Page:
If you are like me, the best way to learn is to work through more complicated code. I re-wrote the above function to be more flexible and to use less code.

 * Takes a date value in any human readable format and 
 * returns an array that contains the day, month and year
 * value, along with a string in the format Month Day, YYYY.
function chrisConvertDte($date = '')
	if(empty($date)) // default to the current date/time value
		$timestamp = time(); 
		// Convert the $date value to a timestamp.
		// If it is not a valid format, return false.
		if(!$timestamp = strtotime($date))
			return false;
	// define the values in the array that we will return
	$returnDte = array();
	$returnDte['day'] = date("j", $timestamp);
	$returnDte['month'] = date("m", $timestamp);
	$returnDte['year'] = date("Y", $timestamp);		
	$returnDte['fullDte'] = date("F j, Y", $timestamp);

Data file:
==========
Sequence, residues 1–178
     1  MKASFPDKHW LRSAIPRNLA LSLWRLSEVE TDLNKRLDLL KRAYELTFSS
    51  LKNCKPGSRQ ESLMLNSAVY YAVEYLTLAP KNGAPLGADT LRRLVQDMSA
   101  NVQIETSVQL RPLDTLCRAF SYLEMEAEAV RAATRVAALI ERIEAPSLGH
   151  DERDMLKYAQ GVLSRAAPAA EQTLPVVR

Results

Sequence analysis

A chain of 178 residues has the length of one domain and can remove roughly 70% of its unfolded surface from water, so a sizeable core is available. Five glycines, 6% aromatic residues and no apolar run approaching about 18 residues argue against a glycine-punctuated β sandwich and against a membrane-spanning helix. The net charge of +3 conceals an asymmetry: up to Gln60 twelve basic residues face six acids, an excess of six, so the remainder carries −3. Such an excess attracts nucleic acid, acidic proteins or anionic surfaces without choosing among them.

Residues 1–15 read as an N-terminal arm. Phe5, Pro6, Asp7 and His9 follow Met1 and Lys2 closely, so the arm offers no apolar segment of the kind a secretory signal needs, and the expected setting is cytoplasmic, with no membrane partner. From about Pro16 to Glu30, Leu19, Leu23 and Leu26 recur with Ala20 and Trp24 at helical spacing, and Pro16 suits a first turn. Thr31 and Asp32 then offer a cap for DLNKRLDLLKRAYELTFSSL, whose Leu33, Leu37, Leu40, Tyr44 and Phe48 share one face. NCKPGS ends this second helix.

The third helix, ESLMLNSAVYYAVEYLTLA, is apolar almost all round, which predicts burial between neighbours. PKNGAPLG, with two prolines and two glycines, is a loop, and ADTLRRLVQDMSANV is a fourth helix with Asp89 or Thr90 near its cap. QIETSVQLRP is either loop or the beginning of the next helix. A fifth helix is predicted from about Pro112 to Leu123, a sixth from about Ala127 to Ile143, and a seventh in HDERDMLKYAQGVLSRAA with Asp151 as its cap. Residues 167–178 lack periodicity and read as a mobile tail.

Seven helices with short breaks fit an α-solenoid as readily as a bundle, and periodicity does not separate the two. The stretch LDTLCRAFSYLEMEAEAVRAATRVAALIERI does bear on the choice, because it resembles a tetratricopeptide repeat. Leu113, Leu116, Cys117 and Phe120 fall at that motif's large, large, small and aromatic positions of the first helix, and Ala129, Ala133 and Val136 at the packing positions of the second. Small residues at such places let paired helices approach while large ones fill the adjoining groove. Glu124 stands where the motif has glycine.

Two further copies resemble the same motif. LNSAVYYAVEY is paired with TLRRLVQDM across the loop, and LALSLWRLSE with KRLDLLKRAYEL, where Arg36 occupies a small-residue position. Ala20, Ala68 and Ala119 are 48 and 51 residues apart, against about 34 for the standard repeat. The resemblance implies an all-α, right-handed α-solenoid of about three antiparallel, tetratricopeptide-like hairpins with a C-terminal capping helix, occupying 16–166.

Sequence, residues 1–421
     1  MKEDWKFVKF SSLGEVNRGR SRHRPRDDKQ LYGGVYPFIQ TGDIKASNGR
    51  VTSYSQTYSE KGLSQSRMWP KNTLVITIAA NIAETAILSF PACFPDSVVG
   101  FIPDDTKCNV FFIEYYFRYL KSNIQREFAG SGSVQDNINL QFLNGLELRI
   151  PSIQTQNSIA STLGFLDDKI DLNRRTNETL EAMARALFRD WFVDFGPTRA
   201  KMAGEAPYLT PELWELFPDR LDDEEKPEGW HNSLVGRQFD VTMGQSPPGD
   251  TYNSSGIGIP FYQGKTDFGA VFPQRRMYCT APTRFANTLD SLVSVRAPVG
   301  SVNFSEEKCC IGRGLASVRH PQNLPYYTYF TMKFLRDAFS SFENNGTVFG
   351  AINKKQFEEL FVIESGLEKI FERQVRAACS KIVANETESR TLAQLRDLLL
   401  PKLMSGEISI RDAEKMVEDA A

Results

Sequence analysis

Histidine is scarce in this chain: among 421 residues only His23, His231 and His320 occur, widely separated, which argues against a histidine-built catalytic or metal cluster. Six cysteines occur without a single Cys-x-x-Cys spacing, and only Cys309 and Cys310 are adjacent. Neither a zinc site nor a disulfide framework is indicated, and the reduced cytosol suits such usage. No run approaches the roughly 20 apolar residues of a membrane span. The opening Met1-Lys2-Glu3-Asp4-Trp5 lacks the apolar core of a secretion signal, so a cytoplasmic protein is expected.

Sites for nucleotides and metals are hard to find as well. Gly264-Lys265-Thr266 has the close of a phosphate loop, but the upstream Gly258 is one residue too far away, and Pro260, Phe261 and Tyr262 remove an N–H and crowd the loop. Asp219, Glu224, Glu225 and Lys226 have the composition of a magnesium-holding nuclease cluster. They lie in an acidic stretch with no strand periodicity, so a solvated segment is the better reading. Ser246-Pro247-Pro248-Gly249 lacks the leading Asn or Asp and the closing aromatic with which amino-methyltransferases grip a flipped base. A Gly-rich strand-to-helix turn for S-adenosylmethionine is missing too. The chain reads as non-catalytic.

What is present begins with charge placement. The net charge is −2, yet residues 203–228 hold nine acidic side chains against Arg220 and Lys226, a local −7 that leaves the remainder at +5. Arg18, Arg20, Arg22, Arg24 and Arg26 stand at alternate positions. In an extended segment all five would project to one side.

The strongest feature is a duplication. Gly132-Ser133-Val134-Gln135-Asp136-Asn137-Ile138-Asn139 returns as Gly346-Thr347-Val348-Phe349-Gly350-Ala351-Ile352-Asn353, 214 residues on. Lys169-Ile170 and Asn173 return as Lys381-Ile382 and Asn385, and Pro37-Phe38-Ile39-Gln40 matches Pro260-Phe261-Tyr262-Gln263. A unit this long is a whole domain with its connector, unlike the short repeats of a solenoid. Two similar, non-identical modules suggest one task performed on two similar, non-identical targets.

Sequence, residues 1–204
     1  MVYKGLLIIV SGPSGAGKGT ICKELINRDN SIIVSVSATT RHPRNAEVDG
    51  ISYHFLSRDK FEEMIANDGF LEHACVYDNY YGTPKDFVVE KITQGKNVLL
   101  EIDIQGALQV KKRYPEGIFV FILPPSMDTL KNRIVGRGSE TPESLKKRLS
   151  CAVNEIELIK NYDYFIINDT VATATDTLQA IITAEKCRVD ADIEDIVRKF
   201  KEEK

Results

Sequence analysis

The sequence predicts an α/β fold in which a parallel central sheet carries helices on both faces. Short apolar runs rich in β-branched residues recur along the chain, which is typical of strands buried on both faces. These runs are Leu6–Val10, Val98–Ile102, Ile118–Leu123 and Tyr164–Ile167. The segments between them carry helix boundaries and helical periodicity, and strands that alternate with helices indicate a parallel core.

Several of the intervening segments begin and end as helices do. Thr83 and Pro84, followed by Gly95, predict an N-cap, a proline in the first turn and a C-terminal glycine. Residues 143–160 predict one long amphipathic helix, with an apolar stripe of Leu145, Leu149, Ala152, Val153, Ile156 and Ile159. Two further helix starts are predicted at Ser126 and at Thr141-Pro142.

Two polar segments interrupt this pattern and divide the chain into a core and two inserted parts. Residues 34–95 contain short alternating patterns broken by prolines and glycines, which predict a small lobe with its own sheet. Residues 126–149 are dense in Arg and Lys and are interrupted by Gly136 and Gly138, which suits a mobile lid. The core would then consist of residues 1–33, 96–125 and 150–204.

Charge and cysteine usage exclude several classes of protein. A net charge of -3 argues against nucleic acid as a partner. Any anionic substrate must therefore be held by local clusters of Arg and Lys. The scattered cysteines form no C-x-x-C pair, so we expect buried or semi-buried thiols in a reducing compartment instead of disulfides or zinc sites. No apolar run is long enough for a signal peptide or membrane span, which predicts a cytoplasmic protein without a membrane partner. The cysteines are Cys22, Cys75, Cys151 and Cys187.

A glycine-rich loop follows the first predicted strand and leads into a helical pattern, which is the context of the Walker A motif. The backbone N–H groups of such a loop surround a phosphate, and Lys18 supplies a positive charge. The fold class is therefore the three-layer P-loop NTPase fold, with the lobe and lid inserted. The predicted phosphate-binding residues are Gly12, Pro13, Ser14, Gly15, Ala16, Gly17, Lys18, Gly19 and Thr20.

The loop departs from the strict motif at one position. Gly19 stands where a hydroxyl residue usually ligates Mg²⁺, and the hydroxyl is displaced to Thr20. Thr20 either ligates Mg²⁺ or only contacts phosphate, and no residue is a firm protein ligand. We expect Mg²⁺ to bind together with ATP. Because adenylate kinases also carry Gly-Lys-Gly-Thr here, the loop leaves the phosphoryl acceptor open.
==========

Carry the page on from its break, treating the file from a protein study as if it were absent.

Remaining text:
return $returnDte;

// Call our user defined function
$getDate = chrisConvertDte('22-02-2010');

// If there were no errors, print the date to the screen
	echo '<pre>';
	echo '</pre>';
	echo 'The date value is not in a human readable format!';

This is what the above code would output.

<pre class="brush: php;">Array
    [day] => 22
    [month] => 02
    [year] => 2010
    [fullDte] => February 22, 2010

Additional Resources on PHP Functions

If you still do not understand how to work with functions, take a look at these links:

Basic PHP Security

When it comes to PHP security, other than settings in the php.ini file and server settings, there are a few things to keep in mind:

#1. Never trust web users

If you are working with a form, never assume that the user is going to enter correct values.

  • If you expect a value to be an integer, cast it as an integer. This prevents hackers from posting a form to your processing script and getting somewhere with it.